Helmand Province, Afghanistan October, 2009
Captain Thomas Forsyth joined the army when he was seventeen. Ability and talent got him to Sandhurst; leadership in the field got him to a war. An IED got him listed as an amputee.
“Simply being discharged from National Health Service care had been my overwhelming aim for weeks, without any thought or reason as to what was to come next. I was like a man released from prison who stands outside the gates gulping down great breaths of fresh, free air without a care for the future. Freedom was what mattered, not the nature of it”.
After four months of pain and infections that could have cost him his life, Tom Forsyth is discharged from the hospital with his state-of-the-art prosthesis and told to go home and recuperate and rest. Problem is Tom doesn’t have a home. He has never gotten along with his mother or her string of husbands (including his father). It was his relationship with her that drove him to the army and he never considered the prospects of civilian life. Like it or not, he doesn’t have any choice but to return to his mother’s home and to the stables that have made her one of the most successful horse trainers in England.
Josephine Kauri is no happier to see her son than he is to see her and, with little grace on either side, Tom moves back into the bedroom that he left fifteen years before. It is not long before Tom realizes that there is something very wrong going on at Kauri House Stables. His mother is being blackmailed. Not only must she pay an exhorbitant amount of money each week but she is being ordered to make sure that her horses, the favorites, lose in big races.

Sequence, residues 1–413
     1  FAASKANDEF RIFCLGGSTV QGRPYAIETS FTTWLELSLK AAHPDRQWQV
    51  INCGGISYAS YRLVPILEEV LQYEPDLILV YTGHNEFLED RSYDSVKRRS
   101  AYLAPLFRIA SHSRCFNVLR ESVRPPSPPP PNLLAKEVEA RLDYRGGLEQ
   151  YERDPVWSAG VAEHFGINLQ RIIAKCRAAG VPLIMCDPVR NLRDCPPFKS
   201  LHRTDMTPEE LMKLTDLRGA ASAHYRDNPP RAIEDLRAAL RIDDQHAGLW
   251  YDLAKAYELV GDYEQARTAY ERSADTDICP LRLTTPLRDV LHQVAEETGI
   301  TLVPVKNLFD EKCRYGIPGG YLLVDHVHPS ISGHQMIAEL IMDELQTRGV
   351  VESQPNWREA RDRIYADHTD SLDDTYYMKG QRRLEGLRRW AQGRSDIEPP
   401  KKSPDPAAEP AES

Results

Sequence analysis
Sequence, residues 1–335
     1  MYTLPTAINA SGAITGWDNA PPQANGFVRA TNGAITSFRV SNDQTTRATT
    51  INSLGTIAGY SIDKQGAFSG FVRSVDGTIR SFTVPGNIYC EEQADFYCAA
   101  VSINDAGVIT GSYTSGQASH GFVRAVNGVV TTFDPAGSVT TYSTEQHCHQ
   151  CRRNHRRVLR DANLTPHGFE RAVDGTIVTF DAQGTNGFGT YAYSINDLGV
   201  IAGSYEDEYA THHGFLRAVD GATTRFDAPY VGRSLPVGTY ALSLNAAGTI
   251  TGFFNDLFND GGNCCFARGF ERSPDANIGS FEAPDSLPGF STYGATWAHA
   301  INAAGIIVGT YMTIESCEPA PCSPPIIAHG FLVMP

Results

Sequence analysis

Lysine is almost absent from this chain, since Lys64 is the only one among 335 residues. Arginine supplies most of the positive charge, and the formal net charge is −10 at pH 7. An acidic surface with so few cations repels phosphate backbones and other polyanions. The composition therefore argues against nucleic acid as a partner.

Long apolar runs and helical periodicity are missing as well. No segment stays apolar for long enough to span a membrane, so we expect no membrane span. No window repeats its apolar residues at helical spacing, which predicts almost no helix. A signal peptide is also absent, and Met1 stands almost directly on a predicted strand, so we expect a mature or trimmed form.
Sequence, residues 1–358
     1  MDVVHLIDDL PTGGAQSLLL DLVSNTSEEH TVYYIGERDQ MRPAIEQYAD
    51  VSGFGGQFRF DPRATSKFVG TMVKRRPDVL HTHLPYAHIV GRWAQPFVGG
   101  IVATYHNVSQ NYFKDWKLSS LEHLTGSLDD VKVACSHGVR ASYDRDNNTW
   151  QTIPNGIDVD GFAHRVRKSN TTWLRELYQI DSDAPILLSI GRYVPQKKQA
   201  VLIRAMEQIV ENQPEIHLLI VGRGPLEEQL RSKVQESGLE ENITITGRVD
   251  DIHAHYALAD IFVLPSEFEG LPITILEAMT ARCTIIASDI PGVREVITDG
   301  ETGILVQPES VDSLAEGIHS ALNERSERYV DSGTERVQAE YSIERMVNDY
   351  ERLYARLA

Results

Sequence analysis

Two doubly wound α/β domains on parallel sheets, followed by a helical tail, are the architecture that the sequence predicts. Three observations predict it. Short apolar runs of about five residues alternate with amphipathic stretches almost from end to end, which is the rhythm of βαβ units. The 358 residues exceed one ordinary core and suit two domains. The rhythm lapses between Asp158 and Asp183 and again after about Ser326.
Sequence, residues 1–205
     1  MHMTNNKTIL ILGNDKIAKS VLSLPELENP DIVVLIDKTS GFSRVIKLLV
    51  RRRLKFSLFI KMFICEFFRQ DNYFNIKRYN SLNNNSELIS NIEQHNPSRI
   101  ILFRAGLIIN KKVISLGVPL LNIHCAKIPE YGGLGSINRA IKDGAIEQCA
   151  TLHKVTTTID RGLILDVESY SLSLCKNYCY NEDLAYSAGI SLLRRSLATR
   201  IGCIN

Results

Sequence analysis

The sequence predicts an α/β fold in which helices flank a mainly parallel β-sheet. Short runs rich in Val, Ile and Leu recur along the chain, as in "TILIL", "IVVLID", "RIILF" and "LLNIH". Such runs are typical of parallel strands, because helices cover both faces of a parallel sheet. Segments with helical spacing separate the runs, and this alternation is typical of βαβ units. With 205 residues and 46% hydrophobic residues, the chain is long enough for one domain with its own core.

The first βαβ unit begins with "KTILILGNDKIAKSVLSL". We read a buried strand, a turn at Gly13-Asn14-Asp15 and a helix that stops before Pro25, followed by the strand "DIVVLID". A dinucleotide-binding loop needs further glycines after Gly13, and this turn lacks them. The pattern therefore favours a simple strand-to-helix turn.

Tom makes it his mission to discover the identity of the blackmailer and to turn around the fortunes of Kauri House Stables. He is determined to ensure that his mother regains her reputation as one of the foremost winning trainers in the racing world. After fifteen years in the army, Tom has the skills to do it.
Dick Francis, with the assistance of his wife, Mary, and later with his son Felix, is the author of forty-four thrillers all of which have ties to horse racing. They are not about horses; they are about people who are involved in horse racing or who have even the most tangential relationship with the sport. Francis died in February, 2010 at the age of 89. It is to be hoped that Felix will continue his father’s legacy.